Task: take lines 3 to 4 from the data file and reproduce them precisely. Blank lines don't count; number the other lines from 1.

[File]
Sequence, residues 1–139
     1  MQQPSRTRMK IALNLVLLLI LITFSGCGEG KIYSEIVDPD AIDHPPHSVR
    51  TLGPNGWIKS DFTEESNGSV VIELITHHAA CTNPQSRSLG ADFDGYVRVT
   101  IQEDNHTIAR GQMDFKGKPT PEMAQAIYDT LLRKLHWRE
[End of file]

    51  TLGPNGWIKS DFTEESNGSV VIELITHHAA CTNPQSRSLG ADFDGYVRVT
   101  IQEDNHTIAR GQMDFKGKPT PEMAQAIYDT LLRKLHWRE